Sunday, December 22, 2013

Sermon for December 22, 2013: A Blue Collar Kind of Guy (Matthew 1:18-25)

Scripture:  Matthew 1:18-25

This is how the birth of Jesus the Messiah took place:  His mother Mary was engaged to Joseph, but before they were married and living together, she was found to be pregnant through the Holy Spirit. Joseph was righteous, and did not want to expose her to public disgrace, so he planned to break the engagement quietly.

But as soon as he had resolved to do this, an angel of the Lord appeared to him in a dream and said, “Joseph, son of David, do not be afraid to take Mary as your wife, for the child conceived in her is from the Holy Spirit. She will give birth to a son, and you will name him Jesus, which means 'God saves'; for he will save his people from their sins.”

All this took place to fulfill what the Lord had said through the prophet Isaiah: "See, the virgin will conceive and give birth to a son, and they shall name him Emmanuel” (which means “God is with us”).

When Joseph woke up, he did what the angel of the Lord had commanded him, and took Mary as his wife. But he did not consummate their marriage until she gave birth to a son; and he named him Jesus.



Advent is the blue season.  It wasn’t always; when I was growing up, and probably for those of you who grew up Lutheran or Catholic, it was purple.  It was meant to be a time like Lent -- a time of fasting and preparation, of self-examination before the coming of Christ.  Then we shifted, as we do with traditions when they need new life:  Advent became blue, for royalty, for anticipation, for moonlight on snow, for the color of Mary’s robe.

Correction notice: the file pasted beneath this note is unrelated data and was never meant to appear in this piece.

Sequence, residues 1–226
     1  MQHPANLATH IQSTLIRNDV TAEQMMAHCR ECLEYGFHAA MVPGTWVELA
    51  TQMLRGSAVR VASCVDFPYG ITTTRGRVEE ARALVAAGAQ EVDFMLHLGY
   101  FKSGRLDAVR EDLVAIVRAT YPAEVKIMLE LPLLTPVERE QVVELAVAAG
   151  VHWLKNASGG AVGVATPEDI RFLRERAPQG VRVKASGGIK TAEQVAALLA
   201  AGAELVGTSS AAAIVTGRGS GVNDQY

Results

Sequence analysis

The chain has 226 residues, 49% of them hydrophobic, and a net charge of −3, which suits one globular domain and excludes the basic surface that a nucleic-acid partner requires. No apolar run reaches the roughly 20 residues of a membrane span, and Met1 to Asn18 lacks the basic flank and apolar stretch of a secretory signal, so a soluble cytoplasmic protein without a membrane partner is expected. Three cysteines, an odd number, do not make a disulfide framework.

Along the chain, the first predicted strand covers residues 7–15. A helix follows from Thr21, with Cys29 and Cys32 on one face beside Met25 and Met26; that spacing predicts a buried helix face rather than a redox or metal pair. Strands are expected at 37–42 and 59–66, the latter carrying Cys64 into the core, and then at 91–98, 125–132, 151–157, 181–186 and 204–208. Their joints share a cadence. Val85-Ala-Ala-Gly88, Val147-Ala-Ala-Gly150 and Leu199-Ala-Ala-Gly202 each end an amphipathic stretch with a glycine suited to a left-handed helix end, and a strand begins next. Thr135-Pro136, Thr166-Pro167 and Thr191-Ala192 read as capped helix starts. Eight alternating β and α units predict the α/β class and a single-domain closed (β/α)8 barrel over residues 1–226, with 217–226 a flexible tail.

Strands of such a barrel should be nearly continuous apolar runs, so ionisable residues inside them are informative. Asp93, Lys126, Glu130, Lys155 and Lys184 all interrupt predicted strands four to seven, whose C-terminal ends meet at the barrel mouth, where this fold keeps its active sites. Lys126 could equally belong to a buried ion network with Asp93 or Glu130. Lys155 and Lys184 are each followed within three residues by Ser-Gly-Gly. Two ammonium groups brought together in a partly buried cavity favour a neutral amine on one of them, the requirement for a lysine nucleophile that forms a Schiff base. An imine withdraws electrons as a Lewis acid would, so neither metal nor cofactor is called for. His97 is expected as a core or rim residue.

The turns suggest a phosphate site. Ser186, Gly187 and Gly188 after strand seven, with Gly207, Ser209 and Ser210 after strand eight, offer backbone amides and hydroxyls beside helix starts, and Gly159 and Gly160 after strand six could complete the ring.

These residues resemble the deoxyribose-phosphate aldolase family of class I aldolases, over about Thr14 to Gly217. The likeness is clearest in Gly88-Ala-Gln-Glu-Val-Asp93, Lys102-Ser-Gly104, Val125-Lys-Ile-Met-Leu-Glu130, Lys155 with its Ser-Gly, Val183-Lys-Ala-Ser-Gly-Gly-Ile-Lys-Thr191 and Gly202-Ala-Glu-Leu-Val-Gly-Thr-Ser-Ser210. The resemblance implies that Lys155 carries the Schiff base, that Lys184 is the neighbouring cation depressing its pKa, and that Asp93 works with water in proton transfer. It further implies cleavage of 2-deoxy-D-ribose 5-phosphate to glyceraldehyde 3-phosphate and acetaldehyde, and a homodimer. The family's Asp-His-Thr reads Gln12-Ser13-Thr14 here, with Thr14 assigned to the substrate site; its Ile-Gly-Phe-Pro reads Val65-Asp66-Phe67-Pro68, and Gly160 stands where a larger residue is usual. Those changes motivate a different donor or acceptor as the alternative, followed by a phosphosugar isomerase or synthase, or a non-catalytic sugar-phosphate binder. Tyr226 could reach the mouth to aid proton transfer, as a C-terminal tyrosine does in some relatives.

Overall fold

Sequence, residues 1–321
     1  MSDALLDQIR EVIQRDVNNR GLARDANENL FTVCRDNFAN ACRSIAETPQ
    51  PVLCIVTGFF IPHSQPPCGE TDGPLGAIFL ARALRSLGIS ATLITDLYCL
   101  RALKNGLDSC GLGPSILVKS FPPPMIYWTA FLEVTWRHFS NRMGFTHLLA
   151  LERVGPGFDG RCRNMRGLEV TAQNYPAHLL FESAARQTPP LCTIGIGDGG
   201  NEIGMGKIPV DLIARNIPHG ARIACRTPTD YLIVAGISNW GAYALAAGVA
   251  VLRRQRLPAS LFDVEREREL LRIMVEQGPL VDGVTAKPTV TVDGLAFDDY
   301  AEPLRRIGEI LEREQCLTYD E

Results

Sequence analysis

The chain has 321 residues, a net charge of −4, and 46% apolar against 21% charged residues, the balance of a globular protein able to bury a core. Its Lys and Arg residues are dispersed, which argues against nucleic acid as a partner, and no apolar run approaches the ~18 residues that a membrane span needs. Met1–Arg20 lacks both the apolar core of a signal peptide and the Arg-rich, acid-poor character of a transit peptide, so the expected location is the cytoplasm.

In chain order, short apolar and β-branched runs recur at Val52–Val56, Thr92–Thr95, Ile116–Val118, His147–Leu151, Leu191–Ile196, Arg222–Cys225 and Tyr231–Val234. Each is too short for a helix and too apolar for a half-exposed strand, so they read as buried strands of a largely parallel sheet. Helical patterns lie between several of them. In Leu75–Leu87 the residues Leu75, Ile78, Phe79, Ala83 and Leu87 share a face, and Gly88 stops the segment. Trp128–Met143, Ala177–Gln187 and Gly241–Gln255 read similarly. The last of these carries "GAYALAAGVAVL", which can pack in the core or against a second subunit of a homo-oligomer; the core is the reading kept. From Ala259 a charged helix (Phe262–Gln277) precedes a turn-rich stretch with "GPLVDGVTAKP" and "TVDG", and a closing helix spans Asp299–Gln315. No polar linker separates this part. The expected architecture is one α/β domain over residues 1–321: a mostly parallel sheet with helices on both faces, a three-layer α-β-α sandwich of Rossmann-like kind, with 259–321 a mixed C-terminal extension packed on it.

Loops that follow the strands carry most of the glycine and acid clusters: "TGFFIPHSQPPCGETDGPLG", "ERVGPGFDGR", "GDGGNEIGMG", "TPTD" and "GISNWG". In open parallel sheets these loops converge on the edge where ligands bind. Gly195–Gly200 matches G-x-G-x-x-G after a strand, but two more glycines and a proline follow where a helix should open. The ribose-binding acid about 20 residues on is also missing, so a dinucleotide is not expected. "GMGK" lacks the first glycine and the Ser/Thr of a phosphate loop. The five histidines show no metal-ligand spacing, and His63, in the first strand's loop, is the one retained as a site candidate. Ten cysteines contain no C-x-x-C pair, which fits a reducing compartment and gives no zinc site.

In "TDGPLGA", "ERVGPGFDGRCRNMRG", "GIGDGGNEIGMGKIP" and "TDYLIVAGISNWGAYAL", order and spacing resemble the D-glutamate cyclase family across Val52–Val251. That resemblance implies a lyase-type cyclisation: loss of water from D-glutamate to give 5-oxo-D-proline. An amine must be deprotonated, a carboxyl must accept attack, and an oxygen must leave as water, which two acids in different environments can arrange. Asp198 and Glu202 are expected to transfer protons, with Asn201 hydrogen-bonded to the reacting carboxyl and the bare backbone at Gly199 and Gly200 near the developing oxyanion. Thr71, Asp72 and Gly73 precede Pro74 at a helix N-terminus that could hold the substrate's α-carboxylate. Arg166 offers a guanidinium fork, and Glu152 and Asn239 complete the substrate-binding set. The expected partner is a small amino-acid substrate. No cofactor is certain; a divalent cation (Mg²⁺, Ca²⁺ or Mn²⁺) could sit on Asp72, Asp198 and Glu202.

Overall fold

Mary gets top billing during Advent, because she gets the best role in the pageant:  she gets to say Yes to the miracle, Yes to Gabriel, Yes to God.  She gets to sing:  “My soul proclaims your greatness, O God.”  The Magnificat.  And for centuries we prayed “Hail Mary, full of grace, the Lord is with thee.”

Mary gets top billing, and Advent is blue for her robe.  But I think Advent could just as well be blue for Joseph.  We dress him in browns, in most nativity scenes, but he’s a blue collar kind of guy, really.

He was a carpenter, we think, or maybe a stoneworker.  The word is tricky to translate but we know he worked with his hands.  Hard, backbreaking work, pounding out a living in the desert of Galilee, finding his way in the hot sun and the hard granite and the skinny trees.  Mending fishermen’s boats.  Fixing doors.  We could think of him in beat up work boots, with a hammer in the sling of his jeans.